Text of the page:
Specimens from OP/N were obtained by rubbing the oropharyngeal space twice at both sides of the uvula and placing the same swab into both nasal cavities until a slight resistance was felt (supposed midturbinate). NP sampling was performed after OP/N sampling in order not to ‘contaminate’ the midturbinate part of the nose by viral material from the nasopharynx as may be expected when performed in reversed order. Each swab was rotated three complete turns for optimal mucosal contact. For NP sampling a flexible mini tip flocked swab (in Amies transport medium or in universal transport medium (UTM)) was used (Cat. numbers 481CE and 305C respectively, Copan®, Italy). OP/N sampling was performed using a non-flexible flocked swab with normal tip (in Amies transport medium, Cat. number 480CE, Copan®). rRTPCR for SARS-CoV-2 RNA was performed on both the NP swab and the OP/N swab according to Corman et al.  using NucliSens easyMag™ RNA extraction (bioMérieux, Marcy-l'Étoile, France) and one-step rRT-PCR (Qiagen One Step RT-PCR Kit, Cat. number 210212, Qiagen, Hilden, Germany) on CFX96 cyclers (Bio-Rad, Hercules, USA). All tests were performed in-hospital on a daily basis. A cycle threshold (Ct) value below 50 for E-gene was interpreted as positive for SARS-CoV-2 RNA.
All clinical samples were tested for inhibition by adding 7.5 µl of Diagenode RNA extraction and inhibition Real-Time PCR control (Cat. Number DECR-CY-L100, Diagenode SA®, Belgium).
Since retesting was not performed in the ambulant patient group, sensitivity of OP/N and NP sampling was considered in hospitalized patients only.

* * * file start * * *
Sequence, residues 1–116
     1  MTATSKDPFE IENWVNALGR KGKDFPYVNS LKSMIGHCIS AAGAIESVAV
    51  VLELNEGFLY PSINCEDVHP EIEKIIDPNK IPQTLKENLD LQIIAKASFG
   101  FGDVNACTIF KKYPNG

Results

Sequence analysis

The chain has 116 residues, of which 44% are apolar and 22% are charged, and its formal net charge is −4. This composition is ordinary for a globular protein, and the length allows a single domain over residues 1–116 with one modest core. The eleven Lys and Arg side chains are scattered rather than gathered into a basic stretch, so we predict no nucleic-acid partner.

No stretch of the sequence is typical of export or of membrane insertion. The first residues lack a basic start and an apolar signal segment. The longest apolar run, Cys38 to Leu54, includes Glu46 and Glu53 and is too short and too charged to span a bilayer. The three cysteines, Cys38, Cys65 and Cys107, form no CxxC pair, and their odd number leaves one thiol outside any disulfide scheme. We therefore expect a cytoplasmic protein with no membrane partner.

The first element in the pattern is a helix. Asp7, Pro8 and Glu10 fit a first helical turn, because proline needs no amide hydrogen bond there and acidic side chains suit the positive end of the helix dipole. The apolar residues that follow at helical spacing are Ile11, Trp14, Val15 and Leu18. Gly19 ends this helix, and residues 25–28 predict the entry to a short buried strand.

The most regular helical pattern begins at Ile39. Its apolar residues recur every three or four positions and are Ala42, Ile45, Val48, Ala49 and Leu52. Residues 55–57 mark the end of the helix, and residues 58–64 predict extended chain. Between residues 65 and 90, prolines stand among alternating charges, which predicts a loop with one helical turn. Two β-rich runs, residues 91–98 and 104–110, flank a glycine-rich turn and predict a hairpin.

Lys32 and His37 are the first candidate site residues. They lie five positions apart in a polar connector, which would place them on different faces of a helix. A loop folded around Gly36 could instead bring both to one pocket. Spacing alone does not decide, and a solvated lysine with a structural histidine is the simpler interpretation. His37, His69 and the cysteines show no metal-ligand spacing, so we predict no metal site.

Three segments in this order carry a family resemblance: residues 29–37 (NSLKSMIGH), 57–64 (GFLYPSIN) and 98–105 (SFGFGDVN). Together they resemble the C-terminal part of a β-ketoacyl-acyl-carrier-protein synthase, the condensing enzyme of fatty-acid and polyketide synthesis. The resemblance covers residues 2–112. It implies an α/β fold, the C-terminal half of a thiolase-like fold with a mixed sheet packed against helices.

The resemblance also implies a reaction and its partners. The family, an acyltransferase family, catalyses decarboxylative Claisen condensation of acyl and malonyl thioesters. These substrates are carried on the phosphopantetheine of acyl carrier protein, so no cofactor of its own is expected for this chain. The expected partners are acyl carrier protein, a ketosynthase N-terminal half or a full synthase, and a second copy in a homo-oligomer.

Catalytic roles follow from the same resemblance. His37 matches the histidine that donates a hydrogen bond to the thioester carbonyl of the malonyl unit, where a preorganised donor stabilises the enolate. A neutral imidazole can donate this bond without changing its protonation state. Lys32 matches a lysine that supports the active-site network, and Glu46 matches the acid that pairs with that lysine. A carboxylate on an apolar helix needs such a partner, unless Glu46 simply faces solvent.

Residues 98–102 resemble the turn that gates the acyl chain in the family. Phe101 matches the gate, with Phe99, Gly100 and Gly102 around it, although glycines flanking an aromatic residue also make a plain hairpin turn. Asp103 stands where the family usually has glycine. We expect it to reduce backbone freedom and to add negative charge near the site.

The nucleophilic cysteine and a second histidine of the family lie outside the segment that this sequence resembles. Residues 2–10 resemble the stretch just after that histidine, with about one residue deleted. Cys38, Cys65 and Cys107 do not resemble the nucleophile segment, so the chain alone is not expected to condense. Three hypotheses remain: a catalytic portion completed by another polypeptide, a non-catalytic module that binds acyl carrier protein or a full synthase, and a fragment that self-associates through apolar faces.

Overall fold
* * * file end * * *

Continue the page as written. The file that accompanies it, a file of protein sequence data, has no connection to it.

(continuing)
Descriptive and relative frequencies were used to describe the distribution of cases. Since the data were paired, the Wilcoxon signed-rank test was used to assess differences between cycle threshold (Ct, considered as log2 transformed data of quantity viral RNA load) in NP and OP/N specimens. The Kruskal Wallis test was used to assess the differences between cycle threshold among different groups of disease severity. The correlation between NP PCR Ct and OP/N PCR Ct was assessed using Spearman’s rank correlation. Sensitivity was calculated by means of cross tabs. Specificity was found not to be relevant since not one false positive SARS-CoV-2 PCR-result was found in this trial period (over hundred samples), in line with literature.  Due to the nature of this trial, assessing sensitivity without a negative control group, a calculation of the weighted kappa coefficient was not relevant. All analyses were performed using IMB® SPSS® Statistics version 26.
The study was approved by the ethical review board Ghent University Hospital (BC-07662). The need for written informed consent was waived by the institutional review board.
Availability of data and materials
The datasets used and analysed during the current study are available from the corresponding author on reasonable request.
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Ethics approval and consent to participate
The study is approved by the ethical review board. To limit the impact of the study on diagnostic flow and patient care, the need for written informed consent was waived by the institutional review board.
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Desmet, T., Paepe, P.D., Boelens, J. et al. Combined oropharyngeal/nasal swab is equivalent to nasopharyngeal sampling for SARS-CoV-2 diagnostic PCR. BMC Microbiol 21, 31 (2021). https://doi.org/10.1186/s12866-021-02087-4
- Combined oropharyngeal/nasal swab
- nasopharyngeal swab